Take the 2-minute tour ×
Stack Overflow is a question and answer site for professional and enthusiast programmers. It's 100% free, no registration required.
   var t1 = Task.Factory.StartNew(() => test<Employee>());
    var t2 = Task.Factory.StartNew(() => test<Customer>());
    var t3 = Task.Factory.StartNew(() => test<Order>());

    Task[] tasks = new Task[] { t1, t2, t3 };

    var resultx = Task.Factory.ContinueWhenAll(tasks, (task) =>
    {
        Task.WaitAll();
        task[0]// Result is missing, I don't see Result in the intellisense.
    }
   );

It appears that if i mention the datatype in the Task<T> task only then i'm able to see the "Result" pop up in the intellisense like task[0].Result.Why is that so? . Each test method returns a IEnumerable<T> object of type passed as a generic item.Infact, all the objects that i pass to test<T>() inherits from a base class "Company".Basically an abstract factory pattern.Am i missing something?

share|improve this question

1 Answer 1

The base Task class does not have a Result property. That property is defined on Task<TResult>, which is a subclass of Task. If test<T>() returns an IEnumerable<T>, then t1, t2, and t3 are of type Task<IEnumerable<Employee>>, Task<IEnumerable<Customer>>, and Task<IEnumerable<Order>>. Since these are all subclasses of Task, it's perfectly legal to add them to an array of Task. You are then calling the overload of ContinueWhenAll that takes an array of Task objects, so you will not be able to use methods on Task<TResult>.

If Employee, Customer, and Order all inherit from Company then you could instead create an array of Task<IEnumerable<Company>> objects and use the overload of ContinueWhenAll that takes an array of Task<TResult>.

You won't be able to cast Task<IEnumerabl<Employee>> to Task<IEnumerable<Company>> since Task is not covariant, but you could create them as Task<IEnumerable<Company>> in the first place.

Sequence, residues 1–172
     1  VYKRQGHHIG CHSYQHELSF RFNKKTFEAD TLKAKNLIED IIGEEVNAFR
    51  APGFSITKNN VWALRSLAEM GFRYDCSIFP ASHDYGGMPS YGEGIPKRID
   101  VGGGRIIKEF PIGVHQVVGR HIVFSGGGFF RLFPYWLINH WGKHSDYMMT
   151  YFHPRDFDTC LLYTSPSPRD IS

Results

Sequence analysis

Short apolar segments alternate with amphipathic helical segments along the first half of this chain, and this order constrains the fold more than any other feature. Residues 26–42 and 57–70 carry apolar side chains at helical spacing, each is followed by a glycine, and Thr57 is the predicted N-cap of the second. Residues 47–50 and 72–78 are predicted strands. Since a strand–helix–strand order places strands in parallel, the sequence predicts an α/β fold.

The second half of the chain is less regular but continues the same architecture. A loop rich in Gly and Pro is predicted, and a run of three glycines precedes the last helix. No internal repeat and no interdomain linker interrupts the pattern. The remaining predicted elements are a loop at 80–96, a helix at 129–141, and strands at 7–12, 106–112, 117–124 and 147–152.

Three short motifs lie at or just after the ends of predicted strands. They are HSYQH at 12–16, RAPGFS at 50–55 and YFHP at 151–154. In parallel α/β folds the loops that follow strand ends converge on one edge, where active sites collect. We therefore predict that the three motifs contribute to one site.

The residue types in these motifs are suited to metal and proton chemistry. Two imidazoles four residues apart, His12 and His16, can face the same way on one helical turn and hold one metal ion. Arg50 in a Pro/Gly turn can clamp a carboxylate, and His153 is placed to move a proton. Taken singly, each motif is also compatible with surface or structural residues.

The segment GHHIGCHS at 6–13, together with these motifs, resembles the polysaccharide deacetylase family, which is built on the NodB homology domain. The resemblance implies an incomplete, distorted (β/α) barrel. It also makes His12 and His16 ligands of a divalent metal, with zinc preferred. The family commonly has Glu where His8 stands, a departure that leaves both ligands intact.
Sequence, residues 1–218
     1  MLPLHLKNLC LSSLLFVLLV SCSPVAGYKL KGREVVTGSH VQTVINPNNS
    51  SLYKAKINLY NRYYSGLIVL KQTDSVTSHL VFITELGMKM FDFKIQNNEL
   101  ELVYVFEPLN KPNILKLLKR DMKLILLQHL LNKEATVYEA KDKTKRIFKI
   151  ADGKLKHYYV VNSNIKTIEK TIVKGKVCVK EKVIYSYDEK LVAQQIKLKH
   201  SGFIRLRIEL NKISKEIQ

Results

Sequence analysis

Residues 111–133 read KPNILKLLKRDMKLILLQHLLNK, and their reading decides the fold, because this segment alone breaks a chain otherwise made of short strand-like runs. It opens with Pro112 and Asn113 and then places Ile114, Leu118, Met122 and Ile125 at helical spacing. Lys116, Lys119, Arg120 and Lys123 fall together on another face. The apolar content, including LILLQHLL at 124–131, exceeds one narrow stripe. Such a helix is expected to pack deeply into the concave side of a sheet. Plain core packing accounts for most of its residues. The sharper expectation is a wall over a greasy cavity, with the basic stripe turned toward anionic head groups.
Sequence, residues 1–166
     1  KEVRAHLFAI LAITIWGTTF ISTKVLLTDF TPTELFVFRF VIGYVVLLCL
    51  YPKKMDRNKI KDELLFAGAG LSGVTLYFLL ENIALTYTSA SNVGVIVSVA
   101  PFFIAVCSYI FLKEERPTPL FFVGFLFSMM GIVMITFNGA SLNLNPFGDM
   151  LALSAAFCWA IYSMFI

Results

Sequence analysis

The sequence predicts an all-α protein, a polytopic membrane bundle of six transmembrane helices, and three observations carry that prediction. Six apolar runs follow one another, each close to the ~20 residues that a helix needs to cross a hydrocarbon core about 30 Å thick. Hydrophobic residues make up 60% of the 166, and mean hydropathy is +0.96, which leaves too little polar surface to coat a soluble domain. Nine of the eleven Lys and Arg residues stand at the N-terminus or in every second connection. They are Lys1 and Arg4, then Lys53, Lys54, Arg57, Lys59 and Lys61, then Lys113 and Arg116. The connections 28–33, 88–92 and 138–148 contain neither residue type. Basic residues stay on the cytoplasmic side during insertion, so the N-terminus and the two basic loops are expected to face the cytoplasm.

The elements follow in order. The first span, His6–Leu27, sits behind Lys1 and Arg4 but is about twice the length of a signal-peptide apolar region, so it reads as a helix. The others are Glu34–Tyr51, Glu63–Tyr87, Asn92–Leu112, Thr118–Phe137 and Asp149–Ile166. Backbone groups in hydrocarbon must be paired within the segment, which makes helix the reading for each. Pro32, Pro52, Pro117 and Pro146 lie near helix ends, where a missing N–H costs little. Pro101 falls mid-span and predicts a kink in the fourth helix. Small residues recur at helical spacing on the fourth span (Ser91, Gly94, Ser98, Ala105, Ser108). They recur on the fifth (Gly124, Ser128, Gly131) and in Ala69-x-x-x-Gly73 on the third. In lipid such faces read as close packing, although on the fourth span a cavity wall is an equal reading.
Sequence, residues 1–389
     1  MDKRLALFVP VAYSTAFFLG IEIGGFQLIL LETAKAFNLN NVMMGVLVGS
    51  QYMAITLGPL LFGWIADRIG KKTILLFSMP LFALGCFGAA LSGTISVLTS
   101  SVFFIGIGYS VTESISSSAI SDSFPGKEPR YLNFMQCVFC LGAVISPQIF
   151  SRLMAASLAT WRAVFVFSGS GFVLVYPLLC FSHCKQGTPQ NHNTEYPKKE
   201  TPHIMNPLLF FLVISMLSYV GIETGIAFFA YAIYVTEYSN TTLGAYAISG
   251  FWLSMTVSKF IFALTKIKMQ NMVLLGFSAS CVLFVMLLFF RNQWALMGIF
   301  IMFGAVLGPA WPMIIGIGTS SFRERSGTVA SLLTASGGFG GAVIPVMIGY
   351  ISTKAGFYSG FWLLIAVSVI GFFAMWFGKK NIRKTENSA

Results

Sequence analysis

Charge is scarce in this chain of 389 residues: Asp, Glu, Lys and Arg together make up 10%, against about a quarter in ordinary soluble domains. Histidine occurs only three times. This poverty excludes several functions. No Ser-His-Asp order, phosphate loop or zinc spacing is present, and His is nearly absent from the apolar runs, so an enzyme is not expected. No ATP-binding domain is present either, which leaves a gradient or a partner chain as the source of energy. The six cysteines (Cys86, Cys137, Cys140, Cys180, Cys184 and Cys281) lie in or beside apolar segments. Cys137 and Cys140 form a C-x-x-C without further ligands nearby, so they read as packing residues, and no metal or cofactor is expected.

Something like this:

var t1 = Task.Factory.StartNew<IEnumerable<Company>>(() => test<Employee>());
var t2 = Task.Factory.StartNew<IEnumerable<Company>>(() => test<Customer>());
var t3 = Task.Factory.StartNew<IEnumerable<Company>>(() => test<Order>());

var tasks = new Task<IEnumerable<Company>>[] { t1, t2, t3 };

var resultx = Task.Factory.ContinueWhenAll(tasks, (task) =>
{
    IEnumerable<Company> result = task[0].Result;
});

Another option is to use the t1, t2, and t3 variables directly rather than using the task parameter. The task parameter is going to contain the same objects as the original tasks array, so you could just do:

var resultx = Task.Factory.ContinueWhenAll(tasks, (task) =>
{
    IEnumerable<Employee> result = t1.Result;
});
share|improve this answer
    
Thank you so much for your response but i inherited all the sub classes from Company just to have a common parent so that i can map the result the way you suggested Task.Factory.StartNew<IEnumerable<Company>>(() => test<Order>()); But unfortunately "Company" is just a dummy class with no methods.Rest all the classes has meaningful methods that returns IEnumerable<T>. I didnt have an option except to be more specific like IEnumerable<Employee> result = t1.Result; There are 14 different classes like Employee and no way i can make them Generic :-( –  Princeton Aug 12 '10 at 17:47
    
@Princeton: I think I'm misunderstanding something. In your original question, you have a variable t1 that is a Task<IEnumerable<Employee>>. Are you trying to get a reference to the IEnumerable<Employee> in the lambda you pass into ContinueWhenAll? If you are, then you should be able to just use t1.Result as I said in the last part of my answer. Does that not work, or is that not what you're trying to do? –  Quartermeister Aug 12 '10 at 19:19

Your Answer

 
discard

By posting your answer, you agree to the privacy policy and terms of service.

Not the answer you're looking for? Browse other questions tagged or ask your own question.